The Stanley Cup finals, thus far, have been anti-climatic, a steam roll with limited intensity, European hockey at its finest.

And while the finest of Gary B’s stars are on the big stage, those outside of Hockey-North America are tuning into the NBA playoffs and Dancing with the Stars.

Wednesday, May 21, 2008

ESPN's Patrick Hruby - Hockey Fight Fan Fanatic

Twominutesforblogging, Fried Chickens Hockey Fight Site, and ESPN Page 2’s Patrick Hruby recently hooked up for an E-Ticket story to give an inside look into the hockey fight fan community. The story has been in the works since last year.

At that time, Patrick, a former Washington Times staff writer and current Page 2 heavy hitter (with one of the best jobs in the world says me!), contacted Twominutes for a chat about enforcers and their devoted fans. With a bit of guidance, he ran with the story and was soon catching flights to meet some of hockey’s toughest enforcers, including Derek and Aaron Boogaard, Georges Laraque, Milan Lucic, and former LNAH and current AHL sensation Jon “Nasty” Mirasty.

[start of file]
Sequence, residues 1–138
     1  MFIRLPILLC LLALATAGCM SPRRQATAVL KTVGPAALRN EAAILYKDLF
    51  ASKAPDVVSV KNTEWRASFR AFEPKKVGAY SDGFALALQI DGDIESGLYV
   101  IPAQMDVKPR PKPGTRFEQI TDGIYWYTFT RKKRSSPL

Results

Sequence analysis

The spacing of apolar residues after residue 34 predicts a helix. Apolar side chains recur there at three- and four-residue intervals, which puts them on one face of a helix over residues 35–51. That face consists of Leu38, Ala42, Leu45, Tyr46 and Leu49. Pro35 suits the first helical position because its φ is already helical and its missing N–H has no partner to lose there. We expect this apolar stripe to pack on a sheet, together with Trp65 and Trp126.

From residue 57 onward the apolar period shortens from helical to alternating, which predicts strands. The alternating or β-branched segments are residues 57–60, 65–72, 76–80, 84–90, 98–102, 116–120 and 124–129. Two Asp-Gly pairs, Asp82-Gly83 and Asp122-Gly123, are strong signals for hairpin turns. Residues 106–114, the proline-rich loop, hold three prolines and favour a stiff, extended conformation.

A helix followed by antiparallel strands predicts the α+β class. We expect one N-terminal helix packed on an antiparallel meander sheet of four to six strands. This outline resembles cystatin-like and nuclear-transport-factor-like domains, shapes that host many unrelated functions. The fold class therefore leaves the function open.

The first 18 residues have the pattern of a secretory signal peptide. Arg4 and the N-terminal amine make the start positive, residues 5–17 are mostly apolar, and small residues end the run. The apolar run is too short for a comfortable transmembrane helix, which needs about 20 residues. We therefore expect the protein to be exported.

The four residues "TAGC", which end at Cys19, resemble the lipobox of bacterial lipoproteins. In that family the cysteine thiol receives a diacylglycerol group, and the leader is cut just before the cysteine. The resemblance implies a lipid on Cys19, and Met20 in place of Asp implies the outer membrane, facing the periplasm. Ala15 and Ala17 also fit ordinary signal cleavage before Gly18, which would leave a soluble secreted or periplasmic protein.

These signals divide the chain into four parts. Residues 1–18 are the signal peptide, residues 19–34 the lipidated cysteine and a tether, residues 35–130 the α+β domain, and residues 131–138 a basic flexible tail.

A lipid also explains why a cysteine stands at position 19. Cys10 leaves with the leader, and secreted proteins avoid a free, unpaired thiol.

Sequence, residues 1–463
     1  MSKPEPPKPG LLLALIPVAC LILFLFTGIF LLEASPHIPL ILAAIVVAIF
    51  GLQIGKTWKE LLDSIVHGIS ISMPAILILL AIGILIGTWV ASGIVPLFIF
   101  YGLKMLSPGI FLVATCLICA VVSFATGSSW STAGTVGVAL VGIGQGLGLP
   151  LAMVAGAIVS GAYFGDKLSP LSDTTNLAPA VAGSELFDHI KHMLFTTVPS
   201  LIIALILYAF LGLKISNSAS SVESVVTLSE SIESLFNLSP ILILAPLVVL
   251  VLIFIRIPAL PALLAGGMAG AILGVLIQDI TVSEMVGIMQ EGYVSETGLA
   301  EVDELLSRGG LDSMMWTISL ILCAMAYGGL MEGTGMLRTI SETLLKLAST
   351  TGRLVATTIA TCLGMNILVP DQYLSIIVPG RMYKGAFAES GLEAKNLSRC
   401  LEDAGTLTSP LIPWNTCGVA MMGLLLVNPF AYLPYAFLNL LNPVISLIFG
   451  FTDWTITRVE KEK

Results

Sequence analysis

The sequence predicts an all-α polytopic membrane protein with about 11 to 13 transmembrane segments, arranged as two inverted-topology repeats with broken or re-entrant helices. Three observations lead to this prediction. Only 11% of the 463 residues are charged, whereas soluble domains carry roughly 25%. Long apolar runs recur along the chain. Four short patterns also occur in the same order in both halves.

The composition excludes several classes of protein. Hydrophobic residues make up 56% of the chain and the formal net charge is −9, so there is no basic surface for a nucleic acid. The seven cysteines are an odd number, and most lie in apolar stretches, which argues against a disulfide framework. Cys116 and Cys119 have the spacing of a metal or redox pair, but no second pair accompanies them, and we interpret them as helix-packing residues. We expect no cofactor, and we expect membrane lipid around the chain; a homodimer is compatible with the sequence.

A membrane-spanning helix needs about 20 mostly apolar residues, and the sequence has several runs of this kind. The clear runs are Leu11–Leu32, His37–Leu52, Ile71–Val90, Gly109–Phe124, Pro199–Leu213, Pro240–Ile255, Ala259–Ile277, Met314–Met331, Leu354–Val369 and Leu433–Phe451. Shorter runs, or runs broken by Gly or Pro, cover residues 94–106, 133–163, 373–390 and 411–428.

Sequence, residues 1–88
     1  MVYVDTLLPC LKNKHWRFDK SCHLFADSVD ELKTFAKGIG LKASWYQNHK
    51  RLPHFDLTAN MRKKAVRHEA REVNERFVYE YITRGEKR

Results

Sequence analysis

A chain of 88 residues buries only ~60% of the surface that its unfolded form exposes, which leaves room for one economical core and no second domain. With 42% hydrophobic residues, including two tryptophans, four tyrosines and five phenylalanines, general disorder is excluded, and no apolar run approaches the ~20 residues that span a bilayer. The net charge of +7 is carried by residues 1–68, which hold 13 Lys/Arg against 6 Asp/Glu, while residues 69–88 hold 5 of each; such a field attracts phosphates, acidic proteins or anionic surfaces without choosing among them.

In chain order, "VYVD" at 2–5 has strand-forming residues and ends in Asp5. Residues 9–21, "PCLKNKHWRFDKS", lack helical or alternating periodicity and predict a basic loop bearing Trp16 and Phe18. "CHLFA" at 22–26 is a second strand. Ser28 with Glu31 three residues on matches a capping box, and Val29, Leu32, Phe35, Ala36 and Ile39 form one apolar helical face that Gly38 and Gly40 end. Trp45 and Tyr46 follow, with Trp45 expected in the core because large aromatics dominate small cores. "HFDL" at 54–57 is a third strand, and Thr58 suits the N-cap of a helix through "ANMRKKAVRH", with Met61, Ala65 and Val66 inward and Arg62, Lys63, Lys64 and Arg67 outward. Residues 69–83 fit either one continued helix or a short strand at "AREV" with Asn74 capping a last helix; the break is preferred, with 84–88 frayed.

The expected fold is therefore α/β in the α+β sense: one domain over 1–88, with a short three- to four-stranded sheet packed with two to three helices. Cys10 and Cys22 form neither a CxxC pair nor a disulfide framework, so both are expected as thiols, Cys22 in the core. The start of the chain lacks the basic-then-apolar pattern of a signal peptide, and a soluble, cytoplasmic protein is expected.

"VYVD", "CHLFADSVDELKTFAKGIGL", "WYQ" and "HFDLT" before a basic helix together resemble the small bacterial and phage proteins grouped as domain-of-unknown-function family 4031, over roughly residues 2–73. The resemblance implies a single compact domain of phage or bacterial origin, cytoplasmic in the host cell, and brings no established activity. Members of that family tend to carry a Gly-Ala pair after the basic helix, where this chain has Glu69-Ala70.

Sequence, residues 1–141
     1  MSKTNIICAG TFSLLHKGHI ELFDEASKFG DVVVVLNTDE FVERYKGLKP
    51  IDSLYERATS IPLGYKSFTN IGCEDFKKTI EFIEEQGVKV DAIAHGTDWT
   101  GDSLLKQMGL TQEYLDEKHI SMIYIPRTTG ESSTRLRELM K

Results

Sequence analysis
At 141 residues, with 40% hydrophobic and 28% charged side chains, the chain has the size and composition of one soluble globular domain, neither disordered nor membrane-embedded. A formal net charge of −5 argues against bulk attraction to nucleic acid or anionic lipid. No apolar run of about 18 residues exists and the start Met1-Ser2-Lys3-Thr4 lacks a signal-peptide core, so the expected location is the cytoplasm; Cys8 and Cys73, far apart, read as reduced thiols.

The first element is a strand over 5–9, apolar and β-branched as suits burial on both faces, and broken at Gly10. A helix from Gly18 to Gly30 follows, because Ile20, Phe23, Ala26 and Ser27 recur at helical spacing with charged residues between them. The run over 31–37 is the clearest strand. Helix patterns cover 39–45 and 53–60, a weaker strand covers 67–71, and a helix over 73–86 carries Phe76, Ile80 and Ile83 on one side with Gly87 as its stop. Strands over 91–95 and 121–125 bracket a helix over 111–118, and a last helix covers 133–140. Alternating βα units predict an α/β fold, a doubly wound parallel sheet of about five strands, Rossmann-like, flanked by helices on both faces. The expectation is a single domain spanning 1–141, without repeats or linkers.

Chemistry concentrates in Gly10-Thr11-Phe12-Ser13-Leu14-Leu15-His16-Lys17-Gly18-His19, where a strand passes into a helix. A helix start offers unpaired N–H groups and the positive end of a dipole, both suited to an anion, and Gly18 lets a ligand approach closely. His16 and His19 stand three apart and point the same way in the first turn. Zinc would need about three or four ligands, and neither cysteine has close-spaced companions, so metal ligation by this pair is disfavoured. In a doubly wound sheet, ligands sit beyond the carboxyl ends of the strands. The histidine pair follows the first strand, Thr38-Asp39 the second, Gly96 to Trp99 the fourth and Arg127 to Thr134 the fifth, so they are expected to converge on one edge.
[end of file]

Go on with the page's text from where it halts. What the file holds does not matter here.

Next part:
As a member of Fried Chicken’s message board, we were also able to put Patrick in touch with some of the most devoted hockey fight fans in the world. Patrick again hit the road, this time to connect with some of FC’s finestl; and he was kindly taken in to homes and small town arenas so he could experience first hand just how loyal these fans are to their favorite enforcers and teams.